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Highly unsaturated fatty acid (HUFA) synthesis in Atlantic salmon (Salmo salar) was known to be influenced by both nutritional and environmental factors. Here we aimed to test the hypothesis that both these effectors involved similar molecular mechanisms. Thus, HUFA biosynthetic activity and the expression of fatty acyl desaturase and elongase genes were(More)
Fish are an important source of the n-3 highly unsaturated fatty acids (HUFA), eicosapentaenoic (EPA) and docosahexaenoic (DHA) acids that are crucial to the health of higher vertebrates. The synthesis of HUFA involves enzyme-mediated desaturation, and a delta5 fatty acyl desaturase cDNA has been cloned from Atlantic salmon (Salmo salar) and functionally(More)
BACKGROUND Expansion of aquaculture is seriously limited by reductions in fish oil (FO) supply for aquafeeds. Terrestrial alternatives such as vegetable oils (VO) have been investigated and recently a strategy combining genetic selection with changes in diet formulations has been proposed to meet growing demands for aquaculture products. This study(More)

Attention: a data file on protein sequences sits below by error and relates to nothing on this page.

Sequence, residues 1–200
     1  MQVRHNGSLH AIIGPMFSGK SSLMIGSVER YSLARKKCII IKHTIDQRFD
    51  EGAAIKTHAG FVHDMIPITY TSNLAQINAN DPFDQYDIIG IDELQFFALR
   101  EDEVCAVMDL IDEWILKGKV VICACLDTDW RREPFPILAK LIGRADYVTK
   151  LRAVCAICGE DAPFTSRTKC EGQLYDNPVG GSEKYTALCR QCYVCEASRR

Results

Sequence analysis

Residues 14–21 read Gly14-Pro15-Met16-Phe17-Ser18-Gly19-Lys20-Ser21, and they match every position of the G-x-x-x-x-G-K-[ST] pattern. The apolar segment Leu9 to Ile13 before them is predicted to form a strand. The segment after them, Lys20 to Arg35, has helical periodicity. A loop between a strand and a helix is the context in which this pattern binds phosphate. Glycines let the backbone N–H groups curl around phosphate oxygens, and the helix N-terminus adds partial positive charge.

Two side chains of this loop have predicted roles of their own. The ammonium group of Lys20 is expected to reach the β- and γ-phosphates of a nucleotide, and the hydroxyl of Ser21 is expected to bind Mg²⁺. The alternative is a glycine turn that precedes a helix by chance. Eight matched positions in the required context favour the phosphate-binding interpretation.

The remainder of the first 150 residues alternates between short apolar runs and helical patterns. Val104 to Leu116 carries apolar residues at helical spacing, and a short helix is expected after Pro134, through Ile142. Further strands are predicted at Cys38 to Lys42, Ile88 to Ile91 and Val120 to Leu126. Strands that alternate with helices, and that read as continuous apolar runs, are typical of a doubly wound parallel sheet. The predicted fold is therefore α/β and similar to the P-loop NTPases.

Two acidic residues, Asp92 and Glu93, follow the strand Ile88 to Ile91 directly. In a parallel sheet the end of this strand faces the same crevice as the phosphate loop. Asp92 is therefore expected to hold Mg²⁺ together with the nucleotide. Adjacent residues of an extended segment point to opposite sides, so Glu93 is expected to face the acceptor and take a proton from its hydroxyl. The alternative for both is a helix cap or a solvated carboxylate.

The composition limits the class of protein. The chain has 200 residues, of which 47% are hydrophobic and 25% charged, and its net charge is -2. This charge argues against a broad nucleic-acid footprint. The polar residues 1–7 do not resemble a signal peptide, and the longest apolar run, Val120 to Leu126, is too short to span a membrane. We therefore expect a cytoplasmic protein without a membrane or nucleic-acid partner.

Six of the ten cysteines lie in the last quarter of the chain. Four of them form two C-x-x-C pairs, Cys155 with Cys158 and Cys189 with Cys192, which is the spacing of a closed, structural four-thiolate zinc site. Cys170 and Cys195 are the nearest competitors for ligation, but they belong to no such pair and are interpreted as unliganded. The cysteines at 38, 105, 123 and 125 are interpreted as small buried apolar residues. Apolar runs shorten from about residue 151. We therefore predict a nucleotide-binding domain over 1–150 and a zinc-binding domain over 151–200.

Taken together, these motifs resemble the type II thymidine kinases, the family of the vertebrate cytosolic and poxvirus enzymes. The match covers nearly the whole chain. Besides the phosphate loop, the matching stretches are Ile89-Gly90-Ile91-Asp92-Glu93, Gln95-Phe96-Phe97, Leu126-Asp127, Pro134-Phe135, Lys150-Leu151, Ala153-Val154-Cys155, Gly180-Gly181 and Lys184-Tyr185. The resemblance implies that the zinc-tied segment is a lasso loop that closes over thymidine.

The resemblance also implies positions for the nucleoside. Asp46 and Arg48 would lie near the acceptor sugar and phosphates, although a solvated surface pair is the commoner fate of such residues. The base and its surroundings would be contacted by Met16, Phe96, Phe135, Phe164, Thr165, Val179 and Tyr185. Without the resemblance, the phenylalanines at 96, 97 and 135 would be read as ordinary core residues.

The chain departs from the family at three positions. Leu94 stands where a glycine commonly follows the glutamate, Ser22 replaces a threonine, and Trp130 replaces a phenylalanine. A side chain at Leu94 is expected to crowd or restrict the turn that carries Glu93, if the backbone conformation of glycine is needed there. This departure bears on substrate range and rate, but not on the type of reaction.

The desaturation and elongation of [1-(14)C]18:3n-3 was investigated in hepatocytes from different populations and three different species of salmonids indigenous to Scotland, brown trout, Atlantic salmon and Arctic charr. Two groups of fish were sampled, before and after they were fed two experimental diets, a control diet containing fish oil and a diet(More)
1 Effect of diets enriched in 6 desaturated fatty acids (18:3n-6 and 18:4n-3), on growth, fatty acid composition and highly unsaturated fatty acid synthesis in two populations of Arctic charr (Salvelinus alpinus L.)
Isolated hepatocytes from Atlantic salmon (Salmo salar), fed diets containing either 100% fish oil or a vegetable oil blend replacing 75% of the fish oil, were incubated with a range of seven (14)C-labelled fatty acids. The fatty acids were [1-(14)C]16:0, [1-(14)C]18:1n-9, 91-(14)C]18:2n-6, [1-(14)C]18:3n-3, [1-(14)C]20:4n-6, [1-(14)C]20:5n-3, and(More)
NOTICE: this is the author's version of a work that was accepted for publication in Aquaculture. Changes resulting from the publishing process, such as peer review, editing, corrections, structural formatting, and other quality control mechanisms may not be reflected in this document. Changes may have been made to this work since it was submitted for(More)
For aquaculture of marine species to continue to expand, dietary fish oil (FO) must be replaced with more sustainable vegetable oil (VO) alternatives. Most VO are rich in n-6 polyunsaturated fatty acids (PUFA) and few are rich in n-3 PUFA but Camelina oil (CO) is unique in that, besides high 18:3n-3 and n-3/n-6 PUFA ratio, it also contains substantial(More)